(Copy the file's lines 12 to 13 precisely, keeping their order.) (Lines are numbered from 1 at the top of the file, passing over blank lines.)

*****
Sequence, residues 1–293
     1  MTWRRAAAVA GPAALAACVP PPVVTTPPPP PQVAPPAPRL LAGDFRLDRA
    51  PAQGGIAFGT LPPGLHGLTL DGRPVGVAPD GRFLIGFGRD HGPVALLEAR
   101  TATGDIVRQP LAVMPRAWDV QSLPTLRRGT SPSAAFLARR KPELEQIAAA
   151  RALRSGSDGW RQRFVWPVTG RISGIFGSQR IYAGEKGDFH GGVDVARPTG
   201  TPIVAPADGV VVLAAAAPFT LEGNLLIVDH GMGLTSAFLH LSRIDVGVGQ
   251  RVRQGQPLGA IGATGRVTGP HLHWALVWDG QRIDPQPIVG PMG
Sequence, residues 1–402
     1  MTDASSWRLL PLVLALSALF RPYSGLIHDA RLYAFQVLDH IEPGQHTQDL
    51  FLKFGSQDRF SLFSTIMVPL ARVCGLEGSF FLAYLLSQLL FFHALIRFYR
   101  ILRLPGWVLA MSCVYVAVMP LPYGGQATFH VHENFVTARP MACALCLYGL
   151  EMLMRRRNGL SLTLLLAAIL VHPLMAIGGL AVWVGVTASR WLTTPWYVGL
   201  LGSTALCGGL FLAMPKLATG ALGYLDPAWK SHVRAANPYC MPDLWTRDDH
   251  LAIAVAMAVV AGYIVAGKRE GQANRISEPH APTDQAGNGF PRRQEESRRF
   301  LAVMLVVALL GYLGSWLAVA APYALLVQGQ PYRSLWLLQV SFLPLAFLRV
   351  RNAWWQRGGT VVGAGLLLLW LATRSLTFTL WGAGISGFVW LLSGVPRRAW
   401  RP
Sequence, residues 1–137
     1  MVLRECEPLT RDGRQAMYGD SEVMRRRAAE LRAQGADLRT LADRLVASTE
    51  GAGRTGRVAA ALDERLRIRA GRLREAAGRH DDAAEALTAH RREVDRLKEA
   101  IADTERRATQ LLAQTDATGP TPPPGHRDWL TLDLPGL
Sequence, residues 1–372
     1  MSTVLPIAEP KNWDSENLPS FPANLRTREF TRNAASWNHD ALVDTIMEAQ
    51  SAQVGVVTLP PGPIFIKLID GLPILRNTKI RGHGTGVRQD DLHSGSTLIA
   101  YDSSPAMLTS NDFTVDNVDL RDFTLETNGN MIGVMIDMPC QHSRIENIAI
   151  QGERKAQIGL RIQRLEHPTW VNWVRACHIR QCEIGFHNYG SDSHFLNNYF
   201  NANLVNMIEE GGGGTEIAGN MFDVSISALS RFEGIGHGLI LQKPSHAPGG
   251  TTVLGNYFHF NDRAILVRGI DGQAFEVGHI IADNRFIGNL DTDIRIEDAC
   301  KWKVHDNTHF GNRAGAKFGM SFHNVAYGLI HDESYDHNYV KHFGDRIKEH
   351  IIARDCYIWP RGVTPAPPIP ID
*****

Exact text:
   151  EMLMRRRNGL SLTLLLAAIL VHPLMAIGGL AVWVGVTASR WLTTPWYVGL
   201  LGSTALCGGL FLAMPKLATG ALGYLDPAWK SHVRAANPYC MPDLWTRDDH